Youth exposure to violence is a major public health issue that can lead to a wide range of mental health problems, says Omar Gudino, assistant professor of psychology and director of the Services for At-Risk Youth and Families (SAYF) research lab at the University of Denver. The SAYF lab aims to understand and meet the needs of children and adolescents at high risk of developing emotional and behavioral problems due to exposure to trauma or adversity.
Nearly half of all adolescents in the U.S. are exposed to a potentially traumatic event before the age of 17, according to Gudino, and ethnic minority youth are at disproportionate risk of being exposed to violence and having their mental health needs go unmet.
“Latino children and adolescents in Colorado and across the nation are at significant risk of having unmet mental health needs relative to non-Hispanic white youth,” Gudino says. “Although such racial and ethnic disparities are well-documented, less is known about the practical, attitudinal, cultural and systemic factors that likely contribute to them.”
One focus of the lab is to reduce these disparities.
Working in partnership with the Colorado Department of Human Services, researchers conduct focus groups with stakeholders — Latino families, clinicians and administrators from the public mental health system and community groups that work with Latino populations — to understand the complex factors that impact disparities. Once the factors are identified, researchers can translate this knowledge into effective models for reducing disparities in unmet mental health needs.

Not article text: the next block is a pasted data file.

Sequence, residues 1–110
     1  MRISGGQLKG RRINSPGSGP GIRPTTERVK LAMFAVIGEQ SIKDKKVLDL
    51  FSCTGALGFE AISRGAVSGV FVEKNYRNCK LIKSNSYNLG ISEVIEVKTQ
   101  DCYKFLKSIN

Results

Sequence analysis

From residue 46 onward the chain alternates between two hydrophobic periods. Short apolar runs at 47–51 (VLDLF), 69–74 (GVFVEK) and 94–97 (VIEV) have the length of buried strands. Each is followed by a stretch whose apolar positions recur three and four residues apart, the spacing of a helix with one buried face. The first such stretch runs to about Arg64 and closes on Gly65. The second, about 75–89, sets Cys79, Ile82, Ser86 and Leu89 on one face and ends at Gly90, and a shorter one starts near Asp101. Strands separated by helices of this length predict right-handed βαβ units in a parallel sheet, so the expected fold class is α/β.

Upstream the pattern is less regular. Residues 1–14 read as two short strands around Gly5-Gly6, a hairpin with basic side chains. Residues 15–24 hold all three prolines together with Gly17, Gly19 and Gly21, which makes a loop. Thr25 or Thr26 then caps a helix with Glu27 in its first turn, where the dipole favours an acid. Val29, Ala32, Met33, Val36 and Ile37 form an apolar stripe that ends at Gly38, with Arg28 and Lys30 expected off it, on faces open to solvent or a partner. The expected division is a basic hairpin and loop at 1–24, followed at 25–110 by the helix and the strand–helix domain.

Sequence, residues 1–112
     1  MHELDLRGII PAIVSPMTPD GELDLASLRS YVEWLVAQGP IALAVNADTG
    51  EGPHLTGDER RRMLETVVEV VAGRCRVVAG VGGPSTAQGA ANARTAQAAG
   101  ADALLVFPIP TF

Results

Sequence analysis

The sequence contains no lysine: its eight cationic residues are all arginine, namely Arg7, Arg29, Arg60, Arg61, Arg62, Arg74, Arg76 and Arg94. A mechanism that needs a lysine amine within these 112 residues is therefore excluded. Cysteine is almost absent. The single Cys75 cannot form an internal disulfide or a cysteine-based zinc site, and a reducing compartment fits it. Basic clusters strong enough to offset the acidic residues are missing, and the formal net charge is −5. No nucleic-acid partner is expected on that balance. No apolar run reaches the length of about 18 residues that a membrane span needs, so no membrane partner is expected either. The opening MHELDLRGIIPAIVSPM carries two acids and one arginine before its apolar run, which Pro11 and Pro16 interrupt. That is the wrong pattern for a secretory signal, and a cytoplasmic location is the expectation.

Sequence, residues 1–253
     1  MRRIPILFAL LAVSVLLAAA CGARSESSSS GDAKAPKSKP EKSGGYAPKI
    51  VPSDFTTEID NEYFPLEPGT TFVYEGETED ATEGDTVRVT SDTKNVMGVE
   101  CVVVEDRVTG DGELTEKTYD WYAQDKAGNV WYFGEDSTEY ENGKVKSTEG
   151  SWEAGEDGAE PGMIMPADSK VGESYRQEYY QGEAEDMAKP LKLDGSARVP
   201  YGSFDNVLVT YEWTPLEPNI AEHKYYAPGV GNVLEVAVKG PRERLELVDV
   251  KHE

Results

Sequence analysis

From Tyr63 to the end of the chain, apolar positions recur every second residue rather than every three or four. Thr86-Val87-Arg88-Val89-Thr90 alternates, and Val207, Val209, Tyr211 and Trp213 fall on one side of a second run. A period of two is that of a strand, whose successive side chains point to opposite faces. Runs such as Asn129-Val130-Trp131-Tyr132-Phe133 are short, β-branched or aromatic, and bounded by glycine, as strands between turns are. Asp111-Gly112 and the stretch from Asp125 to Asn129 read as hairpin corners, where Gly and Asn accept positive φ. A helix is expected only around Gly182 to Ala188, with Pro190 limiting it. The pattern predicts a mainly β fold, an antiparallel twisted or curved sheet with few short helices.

“When one focuses on working with underserved children and families, it’s easy to only focus on the extreme levels of adversity to which families are exposed,” Gudino says. “I prefer to focus on the fact that science can provide the tools to understand the needs of underserved families and to develop effective ways of addressing their needs.”
Adolescent exposure to trauma includes witnessing violence, physical assault, physical abuse and sexual assault. This can lead to posttraumatic stress disorder, anxiety, depression or conduct problems.
With these concerns in mind, the SAYF lab is developing a cognitive-behavioral therapy intervention called Life Skills/Life Story to target a wide range of trauma-related factors in adolescents.
“Our goal in the current study is to conduct an initial test of a treatment that can be applied to adolescents exposed to trauma who have a wide range of clinical problems, including PTSD and behavior problems,” Gudino says. “We will examine whether Life Skills/Life Story effectively reduces PTSD and behavior problems and whether it is an acceptable intervention for adolescents and their families.”